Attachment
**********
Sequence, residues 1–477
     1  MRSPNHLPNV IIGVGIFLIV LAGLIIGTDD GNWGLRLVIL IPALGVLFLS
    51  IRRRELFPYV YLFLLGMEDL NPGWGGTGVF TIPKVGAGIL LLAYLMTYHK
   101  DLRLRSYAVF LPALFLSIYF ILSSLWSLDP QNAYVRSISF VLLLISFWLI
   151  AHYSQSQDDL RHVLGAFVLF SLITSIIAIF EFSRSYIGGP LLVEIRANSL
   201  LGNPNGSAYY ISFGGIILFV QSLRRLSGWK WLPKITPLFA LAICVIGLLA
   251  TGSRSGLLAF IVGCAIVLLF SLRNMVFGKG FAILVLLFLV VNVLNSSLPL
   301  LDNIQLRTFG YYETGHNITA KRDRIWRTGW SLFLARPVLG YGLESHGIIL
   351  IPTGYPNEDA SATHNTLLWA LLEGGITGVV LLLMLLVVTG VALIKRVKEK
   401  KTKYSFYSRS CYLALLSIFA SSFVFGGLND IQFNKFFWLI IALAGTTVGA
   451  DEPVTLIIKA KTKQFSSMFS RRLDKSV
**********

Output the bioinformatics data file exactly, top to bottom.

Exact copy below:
Sequence, residues 1–477
     1  MRSPNHLPNV IIGVGIFLIV LAGLIIGTDD GNWGLRLVIL IPALGVLFLS
    51  IRRRELFPYV YLFLLGMEDL NPGWGGTGVF TIPKVGAGIL LLAYLMTYHK
   101  DLRLRSYAVF LPALFLSIYF ILSSLWSLDP QNAYVRSISF VLLLISFWLI
   151  AHYSQSQDDL RHVLGAFVLF SLITSIIAIF EFSRSYIGGP LLVEIRANSL
   201  LGNPNGSAYY ISFGGIILFV QSLRRLSGWK WLPKITPLFA LAICVIGLLA
   251  TGSRSGLLAF IVGCAIVLLF SLRNMVFGKG FAILVLLFLV VNVLNSSLPL
   301  LDNIQLRTFG YYETGHNITA KRDRIWRTGW SLFLARPVLG YGLESHGIIL
   351  IPTGYPNEDA SATHNTLLWA LLEGGITGVV LLLMLLVVTG VALIKRVKEK
   401  KTKYSFYSRS CYLALLSIFA SSFVFGGLND IQFNKFFWLI IALAGTTVGA
   451  DEPVTLIIKA KTKQFSSMFS RRLDKSV